Way Forward Thinking
Driving a truck could get a lot easier and highways less dangerous if the driver-support and active safety technologies recently demonstrated by DaimlerChrysler’s Commercial Vehicles Division actually come to market. Many of them will, possibly all. The automatic Emergency Braking System, for instance, is optional on the Mercedes-Benz Actros tractor in Europe as of last month.
Accident-free driving is the company’s stated goal, and the spectre of ever growing traffic density, in Europe and North America alike, is a key part of the challenge, according to Andreas Renschler, the division’s chief and member of the DaimlerChrysler AG Board of Management.
“All in all, 70 to 80 percent of all present-day accidents can be avoided with the support systems offered by DaimlerChrysler,” Renschler told members of the international press at the company’s spectacular test track near Papenburg, Germany. “The most frequent accident types are rear-end collisions and vehicles swerving off the road,” he said.
Mercedes-Benz engineers Jürgen Trost and Ingo Scherhaufer have been studying truck accidents for years. Rear-end collisions account for 30 percent of accidents caused by trucks in Germany, they say, which makes them the single most common type. A crucial point here is that in 39 percent of these accidents, the trucks collide with the stopped vehicles without braking at all. What’s more, in another 20 percent the truck drivers don’t brake hard enough.
Scherhaufer and Trost began to develop a solution to rear-enders five years ago and were soon led to the idea of automatic emergency braking. The team has since completed countless runs on test tracks and driven many thousands of kilometers in actual traffic.
“The main problem isn’t automatically triggering an emergency stop,” explains Scherhaufer. “The real challenge is to prevent the system from braking when it’s not supposed to.”
The main ingredients used to keep that from happening are located behind the grille of the Actros and in the onboard electronics, the key component being a 77-GHz radar sensor that can detect a vehicle in front at a distance of up to 150 meters. Sophisticated software can identify which rear-end crash situations are so critical that only an emergency braking action can prevent the worst.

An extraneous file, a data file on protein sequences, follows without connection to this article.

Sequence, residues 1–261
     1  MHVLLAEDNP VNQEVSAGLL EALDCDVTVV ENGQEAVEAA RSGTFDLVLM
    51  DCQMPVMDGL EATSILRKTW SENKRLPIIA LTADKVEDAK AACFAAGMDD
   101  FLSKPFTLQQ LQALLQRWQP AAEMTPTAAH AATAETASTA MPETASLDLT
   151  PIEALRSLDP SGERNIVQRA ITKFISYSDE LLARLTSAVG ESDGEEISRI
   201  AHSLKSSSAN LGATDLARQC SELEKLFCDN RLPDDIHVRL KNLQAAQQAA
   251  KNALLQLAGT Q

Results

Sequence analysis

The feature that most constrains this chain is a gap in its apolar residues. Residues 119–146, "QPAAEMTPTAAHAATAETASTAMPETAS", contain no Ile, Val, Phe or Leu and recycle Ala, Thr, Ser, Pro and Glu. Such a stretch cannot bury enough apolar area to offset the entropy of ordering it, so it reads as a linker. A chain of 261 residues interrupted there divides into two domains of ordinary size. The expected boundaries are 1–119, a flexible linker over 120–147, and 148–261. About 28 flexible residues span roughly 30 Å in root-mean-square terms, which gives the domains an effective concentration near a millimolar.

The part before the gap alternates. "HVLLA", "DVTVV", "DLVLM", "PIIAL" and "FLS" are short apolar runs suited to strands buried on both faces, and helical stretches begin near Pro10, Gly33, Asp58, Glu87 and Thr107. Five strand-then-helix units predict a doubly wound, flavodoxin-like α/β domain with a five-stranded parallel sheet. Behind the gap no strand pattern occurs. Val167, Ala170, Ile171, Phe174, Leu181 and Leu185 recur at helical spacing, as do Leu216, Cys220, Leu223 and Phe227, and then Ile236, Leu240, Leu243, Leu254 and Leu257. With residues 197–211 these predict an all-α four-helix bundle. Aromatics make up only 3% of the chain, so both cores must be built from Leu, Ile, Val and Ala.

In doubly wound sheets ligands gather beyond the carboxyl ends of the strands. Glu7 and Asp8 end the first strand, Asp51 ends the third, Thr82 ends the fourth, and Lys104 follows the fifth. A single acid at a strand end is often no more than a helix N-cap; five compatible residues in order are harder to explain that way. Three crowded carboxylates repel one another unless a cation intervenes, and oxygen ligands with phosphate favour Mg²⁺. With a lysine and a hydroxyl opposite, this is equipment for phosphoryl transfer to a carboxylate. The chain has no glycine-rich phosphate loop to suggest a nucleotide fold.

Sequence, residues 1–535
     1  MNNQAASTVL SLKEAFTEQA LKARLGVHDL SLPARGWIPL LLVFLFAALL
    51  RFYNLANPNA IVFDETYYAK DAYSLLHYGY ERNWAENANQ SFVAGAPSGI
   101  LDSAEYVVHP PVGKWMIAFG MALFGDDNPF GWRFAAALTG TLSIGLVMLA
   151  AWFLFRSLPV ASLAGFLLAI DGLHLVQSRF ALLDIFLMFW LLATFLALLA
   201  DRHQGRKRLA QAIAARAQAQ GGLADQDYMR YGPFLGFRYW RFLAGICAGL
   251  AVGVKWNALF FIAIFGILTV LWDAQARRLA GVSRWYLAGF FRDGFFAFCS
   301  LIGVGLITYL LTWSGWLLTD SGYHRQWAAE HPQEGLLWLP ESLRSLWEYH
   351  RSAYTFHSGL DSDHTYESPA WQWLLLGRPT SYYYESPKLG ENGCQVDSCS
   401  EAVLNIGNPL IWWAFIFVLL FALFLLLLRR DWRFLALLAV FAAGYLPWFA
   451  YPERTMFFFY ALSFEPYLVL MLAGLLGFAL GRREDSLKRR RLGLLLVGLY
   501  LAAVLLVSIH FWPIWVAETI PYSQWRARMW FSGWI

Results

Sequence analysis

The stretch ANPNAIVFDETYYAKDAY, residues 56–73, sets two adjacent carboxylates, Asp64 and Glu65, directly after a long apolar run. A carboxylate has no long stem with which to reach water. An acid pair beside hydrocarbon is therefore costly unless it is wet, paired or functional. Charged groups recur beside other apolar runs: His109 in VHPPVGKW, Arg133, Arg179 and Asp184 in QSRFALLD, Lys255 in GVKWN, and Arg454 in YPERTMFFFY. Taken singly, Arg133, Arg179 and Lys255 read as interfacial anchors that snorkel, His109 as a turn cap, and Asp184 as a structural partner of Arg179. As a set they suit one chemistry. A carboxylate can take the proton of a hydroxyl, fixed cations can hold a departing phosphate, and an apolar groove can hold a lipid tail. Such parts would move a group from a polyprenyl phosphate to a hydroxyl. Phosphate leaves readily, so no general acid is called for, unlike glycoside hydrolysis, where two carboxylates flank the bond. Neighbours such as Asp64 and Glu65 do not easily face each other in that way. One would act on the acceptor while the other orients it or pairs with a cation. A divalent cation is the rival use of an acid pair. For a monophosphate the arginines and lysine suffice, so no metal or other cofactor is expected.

The foundation system, called Proximity Control, uses three radar beams to detect moving obstacles ahead of the truck and continuously calculates the difference in speed between the two vehicles. If an accident appears possible, the driver first receives a visual warning — a red triangle symbol lights up — followed by an audible warning. If the collision risk increases, partial braking (30 percent of braking power) is initiated to give the driver a further warning. If the driver doesn’t react, the system automatically applies full braking power. A fully automated panic stop, in other words.
This is an extended version of what we’ve been calling “active cruise control” on this side of the Atlantic. The Eaton Vorad radar system, for instance, can link obstacle detection with cruise control and the engine brake, and will drop engine speed automatically to maintain a pre-set following distance. In some setups it can order a downshift, but not braking action.
An enhanced version of the Mercedes-Benz system is already undergoing tests, and it will take into account the road surface’s coefficient of friction. A microphone in the wheel area records the tire noise and passes this information on to a computer that, in turn, determines the level of road grip. It can distinguish between five levels of friction coefficient, from dry surfaces to wet surfaces and from snow to black ice, and can calculate stopping distance accordingly.
Freightliner is also working on an advanced cruise control system called Predictive Cruise Control, or PCC. It reacts to information stored on a three-dimensional road map and uses this data to create a predictive driving strategy. It sets the speed selected by the driver, taking into account fuel consumption and driving time.
Thanks to its GPS receiver, PCC always knows the precise location of the truck. It accounts for the weight of the vehicle, detects dangerous downhill stretches at an early stage, and decelerates in good time before descents in order to save fuel. The system could be in production by the year 2010.